11.5 in HIGH x 14 in WIDE
(29.21 cm HIGH x 35.56 cm WIDE)
The Oakland Tribune Collection, the Oakland Museum of California. Gift of ANG Newspapers

Caption on back "What a difference between wars' ending! Old timers looking at this aerial photo just made may visualize the progress made since the close of the first World War. The area marked A shows the boundaries of the Moore Drydock and Shipbuilding Company in 1918; B, the addition representing Yard No. 2 A and B together represent the present Moore Drydock Company, from which more than 2400 repaired or converted ships have gone back to sea during the last war. The C area pictures the Naval Supply Depot and western waterfront; D, Port of Embarkation, and E, assembling yards of Western Pacific and Southern Pacific. Foreground, A.A.F. Intransit Depot and United Engineering, Alameda." Photo shows an aerial view of the Port of Oakland. Oakland Heritage Alliance News Vol. 12 N0.2, Fall, 1992 Issue By: P. Mendelsohn, 8/02 The Charles P. Howard Terminal Howard Terminal , built between 1926 and 1930, is the surviving part of the original Grove Street Pier. It served as the Port of Oakland's first permanent headquarters from 1931 to 1961. When built the building was considered state of the art in harbor terminal design. The monumental faヘade reflected the Beaux Arts and City Beautiful influences that promoted the use of classical architectural elements to embellish utilitarian buildings. The terminal was part of harbor improvements financed by a $9.96 million bond issue approved by voters in 1925. In 1929, Oakland was designated a full point of entry and established a local customs service, opening the Port to foreign import and export activities.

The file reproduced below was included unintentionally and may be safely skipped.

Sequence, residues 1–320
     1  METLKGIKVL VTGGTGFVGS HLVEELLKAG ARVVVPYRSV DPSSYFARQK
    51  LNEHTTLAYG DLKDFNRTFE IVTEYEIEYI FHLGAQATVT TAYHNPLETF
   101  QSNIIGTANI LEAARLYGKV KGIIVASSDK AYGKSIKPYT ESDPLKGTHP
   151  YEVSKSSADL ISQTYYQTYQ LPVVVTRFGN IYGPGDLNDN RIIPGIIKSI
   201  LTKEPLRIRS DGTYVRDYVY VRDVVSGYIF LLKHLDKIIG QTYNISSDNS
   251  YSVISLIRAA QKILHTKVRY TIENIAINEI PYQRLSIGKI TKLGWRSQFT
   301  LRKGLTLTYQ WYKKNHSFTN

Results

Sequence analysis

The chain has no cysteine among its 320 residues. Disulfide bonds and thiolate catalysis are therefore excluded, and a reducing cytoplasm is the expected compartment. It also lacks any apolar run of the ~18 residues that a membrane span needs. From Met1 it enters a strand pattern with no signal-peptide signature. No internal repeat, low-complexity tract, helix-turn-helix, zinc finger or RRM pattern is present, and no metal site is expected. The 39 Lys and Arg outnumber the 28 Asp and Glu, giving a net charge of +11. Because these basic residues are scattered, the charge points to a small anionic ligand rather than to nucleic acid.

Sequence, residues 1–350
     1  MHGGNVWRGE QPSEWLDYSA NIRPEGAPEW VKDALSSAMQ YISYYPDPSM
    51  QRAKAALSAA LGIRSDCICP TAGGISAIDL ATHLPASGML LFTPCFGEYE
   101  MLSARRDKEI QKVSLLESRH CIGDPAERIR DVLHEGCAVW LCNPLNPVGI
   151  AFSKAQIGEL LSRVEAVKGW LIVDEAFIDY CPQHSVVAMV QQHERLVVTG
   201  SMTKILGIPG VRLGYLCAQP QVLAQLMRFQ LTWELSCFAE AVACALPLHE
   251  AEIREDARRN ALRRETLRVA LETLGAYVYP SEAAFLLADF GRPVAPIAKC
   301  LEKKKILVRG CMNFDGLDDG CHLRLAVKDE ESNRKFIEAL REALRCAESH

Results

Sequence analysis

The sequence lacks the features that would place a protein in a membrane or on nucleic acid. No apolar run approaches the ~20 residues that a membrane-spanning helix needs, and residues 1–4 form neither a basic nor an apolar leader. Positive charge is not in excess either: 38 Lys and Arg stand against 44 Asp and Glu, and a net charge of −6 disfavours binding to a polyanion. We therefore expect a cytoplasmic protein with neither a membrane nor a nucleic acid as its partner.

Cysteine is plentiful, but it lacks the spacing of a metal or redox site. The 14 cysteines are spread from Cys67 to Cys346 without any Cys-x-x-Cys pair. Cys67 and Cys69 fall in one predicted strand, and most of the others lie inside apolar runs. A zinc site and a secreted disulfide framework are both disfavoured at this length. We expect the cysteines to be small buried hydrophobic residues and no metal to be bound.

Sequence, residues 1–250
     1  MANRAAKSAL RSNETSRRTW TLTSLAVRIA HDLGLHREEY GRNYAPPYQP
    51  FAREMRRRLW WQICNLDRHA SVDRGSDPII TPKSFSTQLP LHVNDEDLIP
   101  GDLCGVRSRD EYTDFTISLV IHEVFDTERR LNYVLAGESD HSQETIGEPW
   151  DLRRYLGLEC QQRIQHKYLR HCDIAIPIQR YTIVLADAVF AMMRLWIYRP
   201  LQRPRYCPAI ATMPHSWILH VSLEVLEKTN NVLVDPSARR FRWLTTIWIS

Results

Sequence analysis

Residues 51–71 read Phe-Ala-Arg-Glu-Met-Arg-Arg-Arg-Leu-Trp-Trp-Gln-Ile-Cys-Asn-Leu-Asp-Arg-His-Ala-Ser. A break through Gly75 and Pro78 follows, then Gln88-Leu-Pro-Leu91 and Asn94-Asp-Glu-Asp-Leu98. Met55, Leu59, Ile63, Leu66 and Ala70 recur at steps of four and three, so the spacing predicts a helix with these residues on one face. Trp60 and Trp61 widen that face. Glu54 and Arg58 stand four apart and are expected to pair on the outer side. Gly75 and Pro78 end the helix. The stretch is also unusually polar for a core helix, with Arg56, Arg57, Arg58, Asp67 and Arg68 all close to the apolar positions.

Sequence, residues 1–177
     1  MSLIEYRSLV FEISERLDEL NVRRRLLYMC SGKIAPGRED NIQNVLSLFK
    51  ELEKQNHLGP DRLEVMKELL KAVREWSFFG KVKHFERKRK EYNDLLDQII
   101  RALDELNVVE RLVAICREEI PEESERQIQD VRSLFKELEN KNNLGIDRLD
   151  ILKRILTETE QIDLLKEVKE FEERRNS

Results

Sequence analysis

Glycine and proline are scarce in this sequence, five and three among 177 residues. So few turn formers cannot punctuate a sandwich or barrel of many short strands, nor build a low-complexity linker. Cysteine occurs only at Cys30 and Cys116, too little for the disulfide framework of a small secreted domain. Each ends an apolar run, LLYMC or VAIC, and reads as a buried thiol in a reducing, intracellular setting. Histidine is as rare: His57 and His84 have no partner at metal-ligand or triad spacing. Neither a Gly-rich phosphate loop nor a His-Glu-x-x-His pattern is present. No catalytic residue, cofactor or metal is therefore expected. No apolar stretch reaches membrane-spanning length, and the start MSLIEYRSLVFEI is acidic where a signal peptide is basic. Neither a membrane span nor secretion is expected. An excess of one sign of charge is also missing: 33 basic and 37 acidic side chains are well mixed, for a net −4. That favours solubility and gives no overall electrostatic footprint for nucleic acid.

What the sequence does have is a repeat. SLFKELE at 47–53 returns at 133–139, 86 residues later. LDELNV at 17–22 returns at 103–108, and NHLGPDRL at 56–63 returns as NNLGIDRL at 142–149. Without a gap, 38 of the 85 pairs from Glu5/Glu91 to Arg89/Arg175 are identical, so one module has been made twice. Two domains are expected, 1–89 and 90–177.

Used: Oakland Tribune

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